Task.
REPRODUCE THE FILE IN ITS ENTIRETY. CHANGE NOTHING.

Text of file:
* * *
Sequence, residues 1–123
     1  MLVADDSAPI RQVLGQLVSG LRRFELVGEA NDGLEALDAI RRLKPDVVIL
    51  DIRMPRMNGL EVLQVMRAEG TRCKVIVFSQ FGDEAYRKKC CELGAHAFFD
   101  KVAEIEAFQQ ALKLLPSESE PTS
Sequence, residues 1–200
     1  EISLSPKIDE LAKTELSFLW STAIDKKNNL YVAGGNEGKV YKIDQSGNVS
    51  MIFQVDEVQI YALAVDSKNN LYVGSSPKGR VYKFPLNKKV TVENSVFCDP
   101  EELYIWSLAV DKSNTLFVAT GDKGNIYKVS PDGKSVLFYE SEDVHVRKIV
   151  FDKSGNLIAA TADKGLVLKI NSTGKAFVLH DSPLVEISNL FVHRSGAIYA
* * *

Sequence, residues 1–123
     1  MLVADDSAPI RQVLGQLVSG LRRFELVGEA NDGLEALDAI RRLKPDVVIL
    51  DIRMPRMNGL EVLQVMRAEG TRCKVIVFSQ FGDEAYRKKC CELGAHAFFD
   101  KVAEIEAFQQ ALKLLPSESE PTS
Sequence, residues 1–200
     1  EISLSPKIDE LAKTELSFLW STAIDKKNNL YVAGGNEGKV YKIDQSGNVS
    51  MIFQVDEVQI YALAVDSKNN LYVGSSPKGR VYKFPLNKKV TVENSVFCDP
   101  EELYIWSLAV DKSNTLFVAT GDKGNIYKVS PDGKSVLFYE SEDVHVRKIV
   151  FDKSGNLIAA TADKGLVLKI NSTGKAFVLH DSPLVEISNL FVHRSGAIYA